June 8, 1999
Why Do Christians Keep Silent about Persecution, Part II
-- Martin E. Marty
An early volley in the religious controversy over the Kosovar conflict was a well-timed conservative Protestant critique by Harold O. J. Brown in the RELIGION AND SOCIETY REPORT newsletter whence we took our sighting yesterday and which we continue to note today. Brown faulted "us" Western Christians in government, the media, and the churches for "aggression" against Serbia, for driving a wedge between the West and Eastern Orthodoxy, and for the failure (by Christians) to come to the side of their own when they are attacked. Brown charged that powerful forces in the Christian West have no passion for "the uninteresting poor" and suffering. By that he means those who, if we support them, cannot benefit our causes or ambition.
The Brown piece is worth revisiting for the purposes of citing and examining the familiar case he represents. Jews come to Jews' aid in warfare, he says. Muslims (usually, he cited exceptions) come to Muslims' aid or at least don't side against their fellows. But Christians? One accusation he made would represent good public relations: Muslims, such as the Kosovar victims of ethnic cleansing, are often the "interesting poor" to government, media, and churches. This would counter charges by many American Muslims who claim to be victims of prejudice and global Muslims who see the West and its historic faiths as oppressors.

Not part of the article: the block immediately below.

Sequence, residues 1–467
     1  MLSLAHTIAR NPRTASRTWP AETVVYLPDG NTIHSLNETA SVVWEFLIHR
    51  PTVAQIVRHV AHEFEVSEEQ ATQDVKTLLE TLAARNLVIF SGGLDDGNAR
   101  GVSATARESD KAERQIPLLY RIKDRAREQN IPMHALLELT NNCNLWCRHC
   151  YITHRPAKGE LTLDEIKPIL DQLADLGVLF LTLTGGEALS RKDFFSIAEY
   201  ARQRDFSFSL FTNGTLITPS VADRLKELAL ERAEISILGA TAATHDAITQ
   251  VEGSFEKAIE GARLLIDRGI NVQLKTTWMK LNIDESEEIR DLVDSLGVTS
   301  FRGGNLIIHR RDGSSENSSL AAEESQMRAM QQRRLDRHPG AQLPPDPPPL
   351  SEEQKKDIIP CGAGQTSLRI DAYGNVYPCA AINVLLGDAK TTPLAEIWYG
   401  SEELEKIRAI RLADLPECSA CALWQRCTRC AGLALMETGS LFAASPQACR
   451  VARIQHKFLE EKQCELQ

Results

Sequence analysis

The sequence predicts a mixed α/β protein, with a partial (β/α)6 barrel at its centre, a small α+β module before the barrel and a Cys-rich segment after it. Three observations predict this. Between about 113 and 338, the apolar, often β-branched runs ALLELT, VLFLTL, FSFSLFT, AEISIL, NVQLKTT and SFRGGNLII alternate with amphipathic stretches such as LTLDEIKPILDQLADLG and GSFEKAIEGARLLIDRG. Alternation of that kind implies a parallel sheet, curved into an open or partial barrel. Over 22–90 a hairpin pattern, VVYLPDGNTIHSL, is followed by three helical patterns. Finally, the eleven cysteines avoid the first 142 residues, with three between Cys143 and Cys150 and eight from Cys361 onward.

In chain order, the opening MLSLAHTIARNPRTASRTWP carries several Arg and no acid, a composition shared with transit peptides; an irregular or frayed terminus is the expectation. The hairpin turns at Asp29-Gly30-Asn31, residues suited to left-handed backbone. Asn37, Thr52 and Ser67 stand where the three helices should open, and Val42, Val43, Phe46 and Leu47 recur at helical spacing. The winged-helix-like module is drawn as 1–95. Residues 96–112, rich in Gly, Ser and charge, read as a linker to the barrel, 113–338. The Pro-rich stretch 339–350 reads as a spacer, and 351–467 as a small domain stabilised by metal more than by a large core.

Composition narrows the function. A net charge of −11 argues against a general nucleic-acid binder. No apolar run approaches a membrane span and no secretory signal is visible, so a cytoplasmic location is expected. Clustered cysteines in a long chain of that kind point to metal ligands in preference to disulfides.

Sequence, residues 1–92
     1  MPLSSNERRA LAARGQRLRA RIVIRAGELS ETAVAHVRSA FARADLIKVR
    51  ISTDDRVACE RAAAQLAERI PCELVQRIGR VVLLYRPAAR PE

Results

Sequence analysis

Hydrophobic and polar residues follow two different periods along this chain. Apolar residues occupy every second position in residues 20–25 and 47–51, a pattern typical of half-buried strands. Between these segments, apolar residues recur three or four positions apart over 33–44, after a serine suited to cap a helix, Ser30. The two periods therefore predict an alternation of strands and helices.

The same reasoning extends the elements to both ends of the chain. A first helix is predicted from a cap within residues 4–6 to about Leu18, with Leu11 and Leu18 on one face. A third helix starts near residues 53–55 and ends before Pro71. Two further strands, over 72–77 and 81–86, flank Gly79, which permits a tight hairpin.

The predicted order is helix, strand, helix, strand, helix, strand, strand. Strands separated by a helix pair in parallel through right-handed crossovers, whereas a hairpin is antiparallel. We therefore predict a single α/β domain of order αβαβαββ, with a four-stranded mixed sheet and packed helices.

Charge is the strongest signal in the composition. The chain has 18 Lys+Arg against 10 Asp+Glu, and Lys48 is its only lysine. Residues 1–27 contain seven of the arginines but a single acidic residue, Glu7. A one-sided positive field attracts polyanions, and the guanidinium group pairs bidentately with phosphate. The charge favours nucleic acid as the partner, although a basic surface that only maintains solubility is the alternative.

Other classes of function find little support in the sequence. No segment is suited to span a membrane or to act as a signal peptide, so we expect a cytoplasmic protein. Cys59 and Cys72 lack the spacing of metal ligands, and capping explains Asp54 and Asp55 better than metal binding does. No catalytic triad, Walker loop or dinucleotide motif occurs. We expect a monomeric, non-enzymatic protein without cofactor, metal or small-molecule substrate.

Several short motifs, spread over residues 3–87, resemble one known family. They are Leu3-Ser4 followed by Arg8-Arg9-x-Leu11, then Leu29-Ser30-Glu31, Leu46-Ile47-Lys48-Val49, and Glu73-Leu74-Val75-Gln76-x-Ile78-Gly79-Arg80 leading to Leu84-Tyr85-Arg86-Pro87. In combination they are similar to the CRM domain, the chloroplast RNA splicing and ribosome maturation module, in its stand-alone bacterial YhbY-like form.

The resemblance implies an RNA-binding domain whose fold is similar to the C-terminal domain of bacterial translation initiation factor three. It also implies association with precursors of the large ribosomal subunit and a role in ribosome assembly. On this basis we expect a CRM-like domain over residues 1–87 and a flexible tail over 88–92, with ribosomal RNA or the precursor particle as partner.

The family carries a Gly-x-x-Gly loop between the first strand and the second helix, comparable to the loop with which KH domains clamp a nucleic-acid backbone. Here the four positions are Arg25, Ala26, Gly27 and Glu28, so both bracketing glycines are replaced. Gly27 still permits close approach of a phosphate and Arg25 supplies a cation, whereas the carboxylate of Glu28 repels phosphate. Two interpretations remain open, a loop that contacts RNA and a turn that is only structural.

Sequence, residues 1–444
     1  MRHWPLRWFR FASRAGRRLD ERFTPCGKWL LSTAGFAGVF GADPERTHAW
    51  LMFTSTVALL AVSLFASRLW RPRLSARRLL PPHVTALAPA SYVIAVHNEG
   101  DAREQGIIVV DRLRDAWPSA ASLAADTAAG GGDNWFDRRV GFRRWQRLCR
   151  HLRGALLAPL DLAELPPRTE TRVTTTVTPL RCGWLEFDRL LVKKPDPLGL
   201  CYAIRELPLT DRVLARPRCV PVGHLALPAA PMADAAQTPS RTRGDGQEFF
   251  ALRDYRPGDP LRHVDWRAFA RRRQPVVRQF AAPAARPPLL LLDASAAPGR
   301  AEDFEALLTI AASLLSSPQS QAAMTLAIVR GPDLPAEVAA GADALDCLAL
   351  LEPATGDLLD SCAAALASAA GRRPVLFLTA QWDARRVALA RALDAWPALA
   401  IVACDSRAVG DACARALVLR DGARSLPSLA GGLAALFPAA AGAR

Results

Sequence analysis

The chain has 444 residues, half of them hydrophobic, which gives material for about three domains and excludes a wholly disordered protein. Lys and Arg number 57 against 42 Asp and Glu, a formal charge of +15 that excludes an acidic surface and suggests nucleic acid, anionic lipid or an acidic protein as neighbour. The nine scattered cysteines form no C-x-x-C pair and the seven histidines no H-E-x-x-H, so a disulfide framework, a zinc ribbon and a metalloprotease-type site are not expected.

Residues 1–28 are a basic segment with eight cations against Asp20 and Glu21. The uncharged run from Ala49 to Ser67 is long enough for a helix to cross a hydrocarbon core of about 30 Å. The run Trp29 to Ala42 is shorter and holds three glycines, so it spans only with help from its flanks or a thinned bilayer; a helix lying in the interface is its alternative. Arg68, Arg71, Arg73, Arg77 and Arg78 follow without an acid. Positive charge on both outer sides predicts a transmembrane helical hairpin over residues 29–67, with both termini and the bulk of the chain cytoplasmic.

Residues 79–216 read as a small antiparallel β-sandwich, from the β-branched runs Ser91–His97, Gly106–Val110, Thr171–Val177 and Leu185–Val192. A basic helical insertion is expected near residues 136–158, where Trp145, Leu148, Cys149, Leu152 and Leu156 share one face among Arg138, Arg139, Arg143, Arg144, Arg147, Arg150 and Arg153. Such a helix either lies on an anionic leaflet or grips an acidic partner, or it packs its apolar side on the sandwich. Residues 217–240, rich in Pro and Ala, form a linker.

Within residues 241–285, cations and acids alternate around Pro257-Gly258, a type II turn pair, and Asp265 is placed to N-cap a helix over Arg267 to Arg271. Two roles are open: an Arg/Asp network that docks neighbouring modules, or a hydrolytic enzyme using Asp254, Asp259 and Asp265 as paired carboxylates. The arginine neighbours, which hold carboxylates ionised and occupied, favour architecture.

Looking at the rest of Brown's case, we read that "we are selectively outraged, selectively, prudentially, and perhaps culpably silent," "guiltily silent," "apologetic and self-condemning," "Christians refuse to see the logs in others' eyes, being paralyzed if they see a mote in their own"; "we" have "selective self-reproach," are fearful of charges of "racism, Eurocentrism, and imperialism"; we "tend to ignore or gloss over aggressions against Christians elsewhere"; "ashamed of being in some vague, historical sense Christians," "embarrassed and exculpatory when other Christians are victimized," "not wishing to be chauvinistic or exclusivistic"; thus "perhaps [showing] a perverse sort of superiority complex, as though Christians or Caucasians were the only human beings capable of actual moral delinquency"; offering little sympathy for the eleven million Germans who became refugees after World War II.
Is there something to be rescued from Brown's case statement, especially if we disagree, as I do, with most of it? The one glimmer: there often is self-criticism by the West--perhaps to atone for a century of Christian chauvinism--that its virtues and achievements don't show. Don't trust a nation or a cause that is a victim of self-hate. How to affirm one's cause and deal fairly with the other, the enemy, the different one--that is the challenge for the new millennium.